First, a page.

FDA to use EHR data for drug monitoring
April 24, 2015 in Medical Technology
The FDA is offering a grant of up to $1 million to turn large amounts of EHR data into numbers the agency can use to gauge the effectiveness of FDA-approved drugs.
The intent is for the FDA to continually assess the drugs after they go to market, as mandated by law.
To that end, the FDA launched its Sentinel Initiative, a long-term program designed to build and implement an electronic system for monitoring the safety of medical products in the post market setting.
The agency has created infrastructure on which to run the program through its Mini Sentinel pilot, a distributed database with access to more than 150 million patient records has been created (the Sentinel Distributed Database).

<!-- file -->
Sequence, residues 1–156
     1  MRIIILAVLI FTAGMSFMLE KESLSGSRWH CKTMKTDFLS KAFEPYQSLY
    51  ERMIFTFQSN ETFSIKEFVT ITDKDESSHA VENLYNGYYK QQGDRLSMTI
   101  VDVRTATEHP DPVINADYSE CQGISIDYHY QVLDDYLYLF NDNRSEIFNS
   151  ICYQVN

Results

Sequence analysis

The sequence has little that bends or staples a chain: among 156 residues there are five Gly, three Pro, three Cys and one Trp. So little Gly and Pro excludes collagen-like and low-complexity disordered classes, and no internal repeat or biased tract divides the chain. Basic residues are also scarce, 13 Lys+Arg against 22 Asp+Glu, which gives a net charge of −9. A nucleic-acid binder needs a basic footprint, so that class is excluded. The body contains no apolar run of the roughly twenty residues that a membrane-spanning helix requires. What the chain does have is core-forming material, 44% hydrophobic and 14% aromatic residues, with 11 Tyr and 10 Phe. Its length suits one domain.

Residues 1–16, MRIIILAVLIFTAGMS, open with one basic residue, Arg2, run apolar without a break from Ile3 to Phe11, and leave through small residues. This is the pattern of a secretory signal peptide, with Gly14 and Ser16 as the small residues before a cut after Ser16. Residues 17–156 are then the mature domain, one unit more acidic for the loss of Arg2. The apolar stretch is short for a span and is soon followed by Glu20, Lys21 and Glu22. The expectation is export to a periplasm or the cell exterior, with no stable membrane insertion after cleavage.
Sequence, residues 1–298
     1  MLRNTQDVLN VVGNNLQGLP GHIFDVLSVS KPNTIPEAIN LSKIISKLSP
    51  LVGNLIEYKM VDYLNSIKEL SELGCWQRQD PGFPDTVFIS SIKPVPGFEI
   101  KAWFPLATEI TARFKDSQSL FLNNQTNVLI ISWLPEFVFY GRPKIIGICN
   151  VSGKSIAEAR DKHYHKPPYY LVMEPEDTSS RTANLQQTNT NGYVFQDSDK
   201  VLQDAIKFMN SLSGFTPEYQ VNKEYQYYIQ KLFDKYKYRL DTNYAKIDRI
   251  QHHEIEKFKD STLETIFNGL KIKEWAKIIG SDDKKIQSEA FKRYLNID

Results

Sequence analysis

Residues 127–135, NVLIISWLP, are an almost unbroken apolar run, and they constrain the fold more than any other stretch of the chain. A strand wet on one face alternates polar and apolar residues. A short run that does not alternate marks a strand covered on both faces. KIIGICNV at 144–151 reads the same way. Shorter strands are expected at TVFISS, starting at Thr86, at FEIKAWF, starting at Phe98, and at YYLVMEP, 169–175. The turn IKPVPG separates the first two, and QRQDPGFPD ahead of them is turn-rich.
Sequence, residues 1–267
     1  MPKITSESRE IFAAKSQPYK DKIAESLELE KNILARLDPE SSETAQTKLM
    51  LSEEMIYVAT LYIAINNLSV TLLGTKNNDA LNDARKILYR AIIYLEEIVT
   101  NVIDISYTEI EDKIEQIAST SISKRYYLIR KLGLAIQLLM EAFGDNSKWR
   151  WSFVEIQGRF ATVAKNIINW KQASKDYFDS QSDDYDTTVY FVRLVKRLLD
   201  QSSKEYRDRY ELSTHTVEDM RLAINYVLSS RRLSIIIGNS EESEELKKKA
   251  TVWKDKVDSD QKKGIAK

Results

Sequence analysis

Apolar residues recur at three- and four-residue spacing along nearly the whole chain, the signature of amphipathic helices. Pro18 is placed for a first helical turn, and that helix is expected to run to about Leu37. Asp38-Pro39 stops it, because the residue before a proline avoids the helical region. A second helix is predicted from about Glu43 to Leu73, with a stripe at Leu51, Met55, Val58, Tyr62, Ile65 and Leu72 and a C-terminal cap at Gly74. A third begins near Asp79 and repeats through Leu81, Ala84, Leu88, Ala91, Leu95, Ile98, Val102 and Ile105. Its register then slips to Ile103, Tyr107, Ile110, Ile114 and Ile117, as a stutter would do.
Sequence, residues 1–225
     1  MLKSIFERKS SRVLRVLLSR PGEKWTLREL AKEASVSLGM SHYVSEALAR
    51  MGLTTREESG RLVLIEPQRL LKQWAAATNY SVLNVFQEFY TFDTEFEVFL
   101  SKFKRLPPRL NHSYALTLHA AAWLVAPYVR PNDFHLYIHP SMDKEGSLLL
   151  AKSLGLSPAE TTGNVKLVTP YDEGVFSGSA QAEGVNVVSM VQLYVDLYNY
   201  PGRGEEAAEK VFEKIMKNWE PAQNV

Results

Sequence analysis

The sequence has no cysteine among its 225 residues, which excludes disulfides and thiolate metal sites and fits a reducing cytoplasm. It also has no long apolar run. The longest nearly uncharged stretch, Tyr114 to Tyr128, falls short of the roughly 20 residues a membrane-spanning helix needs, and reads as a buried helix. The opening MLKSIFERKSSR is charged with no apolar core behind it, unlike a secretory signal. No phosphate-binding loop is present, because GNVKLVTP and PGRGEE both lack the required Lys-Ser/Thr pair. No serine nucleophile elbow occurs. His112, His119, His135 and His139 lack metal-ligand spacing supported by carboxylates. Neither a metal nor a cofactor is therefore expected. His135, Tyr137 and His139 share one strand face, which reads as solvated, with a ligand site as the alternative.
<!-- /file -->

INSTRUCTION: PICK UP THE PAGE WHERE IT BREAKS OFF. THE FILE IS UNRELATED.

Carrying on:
In order to optimally leverage the data, however, new analytic methodologies will be required.
According to the notice posted in the Federal Register, eligibility is limited to the Reagan-Udall Foundation, which has established the IMEDS-Methods program, which is uniquely positioned to develop the new methodologies required for FDA to conduct effective active post-market safety surveillance of medical products using large electronic healthcare data.
The IMEDS organization has developed a network of statisticians, epidemiologists, data scientists and clinicians who have experience operating in both the IMEDS research laboratory and also familiarity with the Sentinel Distributed Database. In addition, through the Reagan-Udall Foundation public-private partnership, the IMEDS-Methods program has a unique ability to convene FDA, patients, academics, government and industry so that the findings and tools developed through its research agenda will be promulgated and adopted.
Applications deadline is June 15. The one-year grant period begins a month later.
Read the Federal Register notice here.